For a fighter seemingly never at a loss for words, Floyd Mayweather Jr. was rendered speechless.
At the International Boxing Hall of Fame dinner Saturday night at the Event Center at Turning Stone Resort and Casino, Mayweather stepped to the podium after highlights of his 2007 knockout of Jr. welterweight champion Ricky Hatton played on a large screen behind the dais.
For two full minutes, Mayweather tried to find the words.
He could not.
Fellow inductee Laila Ali came to the podium, first to hug Mayweather and then to bring him a napkin to wipe away flowing tears. For two full minutes, Mayweather let it all soak in and then, quietly, he began.
“I don’t even know what to say,” he uttered once, and then again, moving the microphone closer. “I’ve been waiting for this for 45 years.”
Earlier in the day, at a panel on the Hall of Fame grounds in Canastota, New York celebrating the 100th anniversary of The Ring Magazine, inductee Bernard Hopkins joined Editor-in-Chief Doug Fischer. Hopkins, reverently, referred to taking his place in the “Heaven of the Hall of Fame.” Hopkins repeated the phrase at the banquet later that night.
Mayweather was overwhelmed by the moment, entering those pearly gates. Why wouldn’t he be?
Hopkins captured what the moment really represents in a sharp turn of phrase. Boxing careers, athletic careers in general, aren’t like others. It’s not a grind focused on the age of sixty-five. There are no eyes on a slowly growing 401K.
For the fighters on the stage, it was something they did for free, many of them as children, a way of life made a career. They share a trade of bruises, blood, and sacrifice. When Mayweather, Hopkins, Roy Jones, and the other big names inducted over the weekend put down their gloves for good, they were ending a piece of their life.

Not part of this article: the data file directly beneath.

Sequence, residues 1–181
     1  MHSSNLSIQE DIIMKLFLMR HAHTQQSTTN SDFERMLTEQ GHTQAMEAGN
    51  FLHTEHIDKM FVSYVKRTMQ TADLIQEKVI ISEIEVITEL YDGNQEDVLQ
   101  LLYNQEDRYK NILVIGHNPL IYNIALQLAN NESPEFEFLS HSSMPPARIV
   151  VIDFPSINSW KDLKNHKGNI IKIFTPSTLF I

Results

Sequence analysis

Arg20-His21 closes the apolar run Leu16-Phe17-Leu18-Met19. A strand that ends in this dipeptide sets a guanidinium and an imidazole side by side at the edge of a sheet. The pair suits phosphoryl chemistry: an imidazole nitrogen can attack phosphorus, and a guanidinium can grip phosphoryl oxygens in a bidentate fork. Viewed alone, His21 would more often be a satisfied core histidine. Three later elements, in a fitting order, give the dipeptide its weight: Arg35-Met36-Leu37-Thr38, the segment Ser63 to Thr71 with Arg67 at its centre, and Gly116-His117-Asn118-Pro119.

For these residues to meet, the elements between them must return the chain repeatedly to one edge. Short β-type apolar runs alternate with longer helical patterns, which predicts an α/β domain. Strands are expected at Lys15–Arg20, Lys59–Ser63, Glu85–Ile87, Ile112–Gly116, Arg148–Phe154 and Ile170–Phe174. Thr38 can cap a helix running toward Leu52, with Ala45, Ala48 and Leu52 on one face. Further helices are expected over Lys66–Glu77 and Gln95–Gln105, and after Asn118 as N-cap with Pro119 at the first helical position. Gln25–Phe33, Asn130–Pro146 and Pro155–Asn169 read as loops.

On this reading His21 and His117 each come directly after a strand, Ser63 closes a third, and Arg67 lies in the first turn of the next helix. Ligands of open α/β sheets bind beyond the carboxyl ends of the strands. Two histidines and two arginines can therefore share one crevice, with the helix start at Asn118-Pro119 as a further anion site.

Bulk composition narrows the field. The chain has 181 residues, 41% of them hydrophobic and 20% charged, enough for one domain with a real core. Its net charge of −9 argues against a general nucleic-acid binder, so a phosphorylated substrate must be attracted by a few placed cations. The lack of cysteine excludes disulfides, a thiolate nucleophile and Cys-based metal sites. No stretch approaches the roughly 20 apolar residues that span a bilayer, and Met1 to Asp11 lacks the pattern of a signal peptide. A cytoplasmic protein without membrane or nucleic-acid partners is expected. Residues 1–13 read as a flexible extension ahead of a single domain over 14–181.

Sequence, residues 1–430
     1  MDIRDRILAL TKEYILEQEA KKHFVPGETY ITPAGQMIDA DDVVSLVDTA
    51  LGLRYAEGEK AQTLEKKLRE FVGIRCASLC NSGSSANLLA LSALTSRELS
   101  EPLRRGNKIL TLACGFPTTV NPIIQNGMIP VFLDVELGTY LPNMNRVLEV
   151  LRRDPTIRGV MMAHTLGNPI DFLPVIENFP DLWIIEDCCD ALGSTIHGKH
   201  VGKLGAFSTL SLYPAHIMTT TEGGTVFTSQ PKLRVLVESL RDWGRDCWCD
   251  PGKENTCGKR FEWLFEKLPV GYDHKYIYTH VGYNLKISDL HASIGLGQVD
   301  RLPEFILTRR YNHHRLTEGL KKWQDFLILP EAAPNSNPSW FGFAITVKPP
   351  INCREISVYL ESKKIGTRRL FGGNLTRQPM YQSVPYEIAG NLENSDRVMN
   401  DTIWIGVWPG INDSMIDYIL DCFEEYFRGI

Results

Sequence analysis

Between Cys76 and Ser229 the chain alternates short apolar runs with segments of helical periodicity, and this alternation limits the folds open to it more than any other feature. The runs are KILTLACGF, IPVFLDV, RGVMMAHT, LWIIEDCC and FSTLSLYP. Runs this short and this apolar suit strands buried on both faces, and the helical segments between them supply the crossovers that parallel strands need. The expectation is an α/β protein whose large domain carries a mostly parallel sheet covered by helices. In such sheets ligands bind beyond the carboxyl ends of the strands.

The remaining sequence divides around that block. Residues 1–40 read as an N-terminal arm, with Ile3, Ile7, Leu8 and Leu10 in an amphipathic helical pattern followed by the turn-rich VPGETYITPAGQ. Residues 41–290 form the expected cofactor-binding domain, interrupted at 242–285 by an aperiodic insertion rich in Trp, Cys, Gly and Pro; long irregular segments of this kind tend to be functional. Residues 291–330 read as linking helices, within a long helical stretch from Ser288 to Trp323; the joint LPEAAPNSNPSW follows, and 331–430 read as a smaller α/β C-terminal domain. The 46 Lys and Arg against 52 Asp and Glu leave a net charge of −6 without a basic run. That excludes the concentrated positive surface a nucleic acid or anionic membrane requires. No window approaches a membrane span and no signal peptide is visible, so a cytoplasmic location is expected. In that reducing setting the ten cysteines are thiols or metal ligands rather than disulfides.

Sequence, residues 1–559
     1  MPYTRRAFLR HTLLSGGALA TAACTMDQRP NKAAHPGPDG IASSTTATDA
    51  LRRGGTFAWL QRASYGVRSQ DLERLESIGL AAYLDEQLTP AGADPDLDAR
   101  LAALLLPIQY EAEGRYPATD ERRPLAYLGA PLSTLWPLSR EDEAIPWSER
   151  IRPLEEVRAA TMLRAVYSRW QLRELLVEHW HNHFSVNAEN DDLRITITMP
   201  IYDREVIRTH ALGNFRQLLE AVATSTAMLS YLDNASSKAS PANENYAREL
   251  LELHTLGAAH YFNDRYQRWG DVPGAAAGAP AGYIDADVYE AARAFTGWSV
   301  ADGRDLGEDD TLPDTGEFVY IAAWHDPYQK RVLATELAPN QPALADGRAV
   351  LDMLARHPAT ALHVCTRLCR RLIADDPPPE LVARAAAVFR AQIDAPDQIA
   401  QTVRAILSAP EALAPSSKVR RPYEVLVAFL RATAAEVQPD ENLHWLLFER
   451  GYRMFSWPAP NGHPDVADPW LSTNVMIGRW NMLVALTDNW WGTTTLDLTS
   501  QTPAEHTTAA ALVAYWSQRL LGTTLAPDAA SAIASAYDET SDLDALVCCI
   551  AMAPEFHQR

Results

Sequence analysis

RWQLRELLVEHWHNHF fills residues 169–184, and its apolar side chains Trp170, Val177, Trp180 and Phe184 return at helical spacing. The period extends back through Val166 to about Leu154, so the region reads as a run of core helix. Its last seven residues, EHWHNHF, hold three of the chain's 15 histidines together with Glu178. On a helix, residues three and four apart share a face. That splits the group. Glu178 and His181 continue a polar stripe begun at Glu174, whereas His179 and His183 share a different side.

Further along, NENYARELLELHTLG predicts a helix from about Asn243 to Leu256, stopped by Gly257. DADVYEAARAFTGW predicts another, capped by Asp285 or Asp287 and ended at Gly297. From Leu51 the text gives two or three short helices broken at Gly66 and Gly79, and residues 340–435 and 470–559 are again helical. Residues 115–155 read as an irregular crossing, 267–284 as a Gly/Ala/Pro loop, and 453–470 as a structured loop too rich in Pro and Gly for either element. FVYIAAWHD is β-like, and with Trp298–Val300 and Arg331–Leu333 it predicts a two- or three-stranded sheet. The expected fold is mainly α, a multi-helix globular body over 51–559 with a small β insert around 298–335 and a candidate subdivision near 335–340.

For those who believe in a higher power, the end on Earth may mean a chance to enter heaven, nirvana, or some other lasting afterlife.
Since 1990, the International Boxing Hall of Fame has given the boxing community, fans and fighters alike, a brick and mortar location. It survived a pandemic and delivered a once in a lifetime induction of three classes in a single weekend. There may never be anything like it again.
In the classic baseball movie Field of Dreams, Ray Liotta’s Joe Jackson asks Kevin Costner if a baseball field carved into a cornfield is heaven. Costner replies no, it’s Iowa. The implication is that it’s both. Canastota is the same. Those enshrined, through their acts and work ethic and talent, achieved an immortality that promises their fistic careers live on long after they’re gone.
If that’s not heaven, what is?
The Hall has been open to criticism over the years, fair and unfair. The induction of Jackie Tonawanda this year remains a source of controversy. Hall voting isn’t transparent year-to-year, leading to misunderstandings about who selects inductees and in which categories. There are inductees who have raised ire and those still waiting for their call who can be deemed long past worthy.
Witnessing the events unfold this weekend, it’s clear why the latter group arouses such passion. It matters when fighters who earned their place in heaven still linger in purgatory because it’s clear it matters so much to those who have arrived.